View Full Version : Confused about light

09-14-2006, 09:34 AM
I am currently shopping for a task/desk lamp going in the office of my boat. It's belowdecks and, well, cramped, so really good light is vital.

In shopping for lamps I have come across all these "full spectrum" lamps that provide natural looking light and they are flourescent.

There are all sorts of claims with these lights about using them to treat, yes, lupus.

But everything I have read about lupus says to stay away from UV spectrum light.

I avoid ALL sun. I never go out without sunscreen on - even if it is cloudy. I recently got back from Alaska, of all places, with lesions on my face and I was wearing sunscreen and it was overcast.

So what is with the conflicting claims? How do you know what is the correct thing to do if the advice is at polar opposites?

Thanks in advance.

09-14-2006, 01:57 PM
A lot of the hype about full-spectrum lights is just that - hype - it started out as a marketing gimmick for companies claiming to bring "sunlight" indoors. In fact, in 1986 the Food and Drug Administration issued a health fraud alert against several companies because of false and misleading claims that these lights offered health benefits and could improve eye strain, etc. The FDA found no evidence to support these claims, and actually found that these lights increased the risk of developing cataracts, in a study involving office workers who used full spectrum or "daylight" task lighting. Since these lights cost 4-5 times more than regular lights, a lot of people are getting ripped off by these claims.

It's true that light therapy is used to treat some medical conditions such as seasonal affective disorder and psoriasis, but this is done under a doctor's supervision, and usually involves white light which does not contain UV or infrared. Some doctors use infrared light therapy to treat arthritis.

Since you have a clear history of photosensitivity, you are probably safer avoiding these lights, and just using white incandescent bulbs. The only real advantage to the full spectrum lighting is for artists or graphics designers who need "true color" lighting.

09-14-2006, 09:31 PM
Hi Ariel,

I can't answer the light bulb question for you; however, I have been told by my dermatologist that you are more at risk for sun exposure on cloudy days because the UV rays are more intense because of the clouds;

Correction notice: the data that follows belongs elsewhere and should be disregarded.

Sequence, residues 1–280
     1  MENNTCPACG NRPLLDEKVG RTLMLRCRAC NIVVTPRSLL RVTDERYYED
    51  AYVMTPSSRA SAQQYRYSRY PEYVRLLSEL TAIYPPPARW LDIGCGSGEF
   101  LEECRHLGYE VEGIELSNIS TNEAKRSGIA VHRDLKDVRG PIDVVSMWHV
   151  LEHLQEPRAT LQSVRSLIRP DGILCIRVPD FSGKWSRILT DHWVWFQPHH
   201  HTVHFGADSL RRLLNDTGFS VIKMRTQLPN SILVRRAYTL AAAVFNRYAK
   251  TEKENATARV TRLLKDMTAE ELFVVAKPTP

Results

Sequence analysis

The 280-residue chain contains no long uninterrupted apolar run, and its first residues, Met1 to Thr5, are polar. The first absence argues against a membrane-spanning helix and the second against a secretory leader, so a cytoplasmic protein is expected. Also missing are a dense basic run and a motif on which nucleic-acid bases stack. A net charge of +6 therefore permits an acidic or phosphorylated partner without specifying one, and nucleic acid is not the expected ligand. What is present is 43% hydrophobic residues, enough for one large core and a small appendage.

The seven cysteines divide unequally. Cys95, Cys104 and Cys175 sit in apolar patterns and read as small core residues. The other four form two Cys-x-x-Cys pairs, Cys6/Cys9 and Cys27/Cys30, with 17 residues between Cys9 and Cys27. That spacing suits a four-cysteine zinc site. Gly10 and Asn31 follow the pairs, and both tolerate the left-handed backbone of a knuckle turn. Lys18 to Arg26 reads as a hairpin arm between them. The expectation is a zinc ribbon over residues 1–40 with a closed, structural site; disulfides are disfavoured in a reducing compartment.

so I play outside early early before the sun makes a full peek at me in the morning :wink: He also told me to stay as far away from flourescent lamps as possible.

So, there's my two and a half cents worth!!

Take Care.

Much love,

09-15-2006, 05:40 AM
Thanks guys! That is exactly the kind of info I needed!

I already have cataracts (from diabetes) so I'll look for a different light. I hardly ever go outside anymore when the sun is up. It makes me sad. :cry:

Lately I've seen a bunch of vacation-type ads with people on the beach, in the water, on boats, etc. I can't do that without a burka and waterproof 36+.

09-15-2006, 10:44 AM
Hi Ariel,

When you look at those photos of the beach playing out on the beach. Let's see what that picture looks like in about 30 years - with leathered faces and looking ten years older than their actual age.

Like you, I occassionally miss playin in the sun; but I also realize that taking good care of myself, feels even better!!

Hugs and kisses.

Much love,

p.s. I have narrow angle glaucoma - so the bright sun isn't my friend.
Let your heart know how much we all care for you. Take care.

09-18-2006, 07:17 AM
I found an LED desk lamp that should provide enough light. It also has the advantage of being cool.

Does anyone know of a resource for average UV for a given area? Like early morning versus late afternoon, winter versus summer, etc.? That would be very handy.

09-18-2006, 07:24 AM
YES, try the Environmental Protection Agency's website - they publish a Uv index


They also have information about protecting your eyes and skin from the effects of UV.

09-18-2006, 07:28 AM
I forgot to mention you can also sign up on the EPA's website to receive UV alerts by e-mail when the UV level ia forecasted to be high.